If you are looking for some real entertainment this week-end, I highly recommend seeing the new silent movie, The Artist. Here's an extract from L.A. Times film critic Kenneth Turan's review:
Far from embracing the most modern cinematic techniques, "The Artist" is a glorious throwback, a black-and-white silent movie that manages the impossible: It strikes an exact balance between the traditions of the past and the demands of the present, managing to be true to the look and spirit of bygone times while creating the most modern kind of witty and entertaining fun. Look on this work, ye mighty of Hollywood, and rejoice........
...Key to the success of "The Artist" is the work of its two French stars. Dujardin and Bejo, bursting off the screen like irrepressible Roman candles, give performances that are both subtle and incandescent, reminding us of the truth of silent star Norma Desmond's famous "Sunset Blvd." line, "We didn't need dialogue. We had faces."
Luckily, I've already seen this wonderful film, so tomorrow night I'm off to see Chris sing and hoof his way through the Christmas pantomime Jack and the Beanstalk. For those of you unfamiliar with pantomime, first of all, it's not MIME (e.g. Marcel Marceau or the silent movie) — there's plenty of singing and dancing that centers around a very loose interpretation of a fairy tale, a fractured fairy tale, in reality. I went to a couple of lavish pantos in Canada years ago that that cost a small fortune to stage. That can be a problem, depending on the venue. You'd like to bring the children, but the cost almost guarantees that the audience is composed mainly of adults. The pantomime is known for certain conventions - men playing the part of women and vice versa, very risqué double entendre, hissing and booing when the villain walks on stage, lots of audience participation. Great fun. In bigger budget pantomimes, such as the Canadian one, it's customary to invite a well known person to take one of the lead roles. The opera singer Maureen Forrester and Manuel, the butler from the British television series Fawlty Towers, made appearances. Another convention is to tailor some of the humor to the local political scene, as is done in Gilbert & Sullivan productions.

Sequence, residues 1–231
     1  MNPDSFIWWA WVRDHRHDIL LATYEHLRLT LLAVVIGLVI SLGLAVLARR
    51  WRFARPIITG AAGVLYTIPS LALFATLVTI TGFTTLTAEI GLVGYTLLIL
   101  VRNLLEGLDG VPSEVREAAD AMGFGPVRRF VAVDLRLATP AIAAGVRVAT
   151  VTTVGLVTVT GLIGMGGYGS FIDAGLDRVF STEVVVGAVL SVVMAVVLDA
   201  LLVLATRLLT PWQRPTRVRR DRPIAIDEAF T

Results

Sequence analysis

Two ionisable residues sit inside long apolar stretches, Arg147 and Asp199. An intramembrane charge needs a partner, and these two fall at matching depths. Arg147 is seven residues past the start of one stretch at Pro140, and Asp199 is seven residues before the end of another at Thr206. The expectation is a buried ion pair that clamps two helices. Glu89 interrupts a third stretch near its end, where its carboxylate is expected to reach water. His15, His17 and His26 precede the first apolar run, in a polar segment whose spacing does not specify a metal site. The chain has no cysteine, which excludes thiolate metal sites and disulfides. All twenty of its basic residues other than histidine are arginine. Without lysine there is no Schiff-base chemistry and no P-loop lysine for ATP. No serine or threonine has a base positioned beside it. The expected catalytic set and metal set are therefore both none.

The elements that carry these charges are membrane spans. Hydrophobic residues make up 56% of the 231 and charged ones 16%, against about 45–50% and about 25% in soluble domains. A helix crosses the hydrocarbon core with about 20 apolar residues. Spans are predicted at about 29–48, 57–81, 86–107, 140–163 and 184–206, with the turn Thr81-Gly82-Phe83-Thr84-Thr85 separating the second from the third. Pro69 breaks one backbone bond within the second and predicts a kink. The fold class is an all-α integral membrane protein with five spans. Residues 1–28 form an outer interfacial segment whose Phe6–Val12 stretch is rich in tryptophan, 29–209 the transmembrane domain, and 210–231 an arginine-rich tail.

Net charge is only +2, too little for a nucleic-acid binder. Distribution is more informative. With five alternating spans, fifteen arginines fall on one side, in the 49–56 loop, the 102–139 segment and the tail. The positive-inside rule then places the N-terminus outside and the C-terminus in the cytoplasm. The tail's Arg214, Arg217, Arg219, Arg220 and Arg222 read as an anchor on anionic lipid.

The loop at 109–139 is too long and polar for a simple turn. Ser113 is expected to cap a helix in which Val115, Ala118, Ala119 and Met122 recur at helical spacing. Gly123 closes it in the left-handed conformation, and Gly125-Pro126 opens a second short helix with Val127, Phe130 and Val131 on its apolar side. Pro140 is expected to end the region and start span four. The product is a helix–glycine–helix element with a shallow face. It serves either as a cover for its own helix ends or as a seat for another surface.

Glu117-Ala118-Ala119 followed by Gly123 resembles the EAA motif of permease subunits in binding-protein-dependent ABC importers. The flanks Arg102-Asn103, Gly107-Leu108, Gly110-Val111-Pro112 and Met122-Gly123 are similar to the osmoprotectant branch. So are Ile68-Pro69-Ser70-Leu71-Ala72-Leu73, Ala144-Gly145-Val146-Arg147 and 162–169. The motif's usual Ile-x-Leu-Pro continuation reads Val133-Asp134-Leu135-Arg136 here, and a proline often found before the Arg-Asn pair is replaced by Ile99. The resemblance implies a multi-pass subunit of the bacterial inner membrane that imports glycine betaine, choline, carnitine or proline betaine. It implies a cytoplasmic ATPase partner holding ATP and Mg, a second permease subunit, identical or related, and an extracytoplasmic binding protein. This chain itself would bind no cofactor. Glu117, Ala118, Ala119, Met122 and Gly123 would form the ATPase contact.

Jack and the Beanstalk
The Kingdom of Absurdia is broke — its citizens are fearful of the evil Giant and his even more evil sidekick, Slimeball. These two are causing havoc, demanding money and taking hostages. It is also rumoured that the Giant likes to eat people — especially children! When Jack’s true love, the beautiful Princess Rose, is captured he sets out to save her, assisted by his dodgy bunch of helpers. With Jack and the Beanstalk GAOS brings you a really traditional family show, complete with magic beans and a pantomime cow.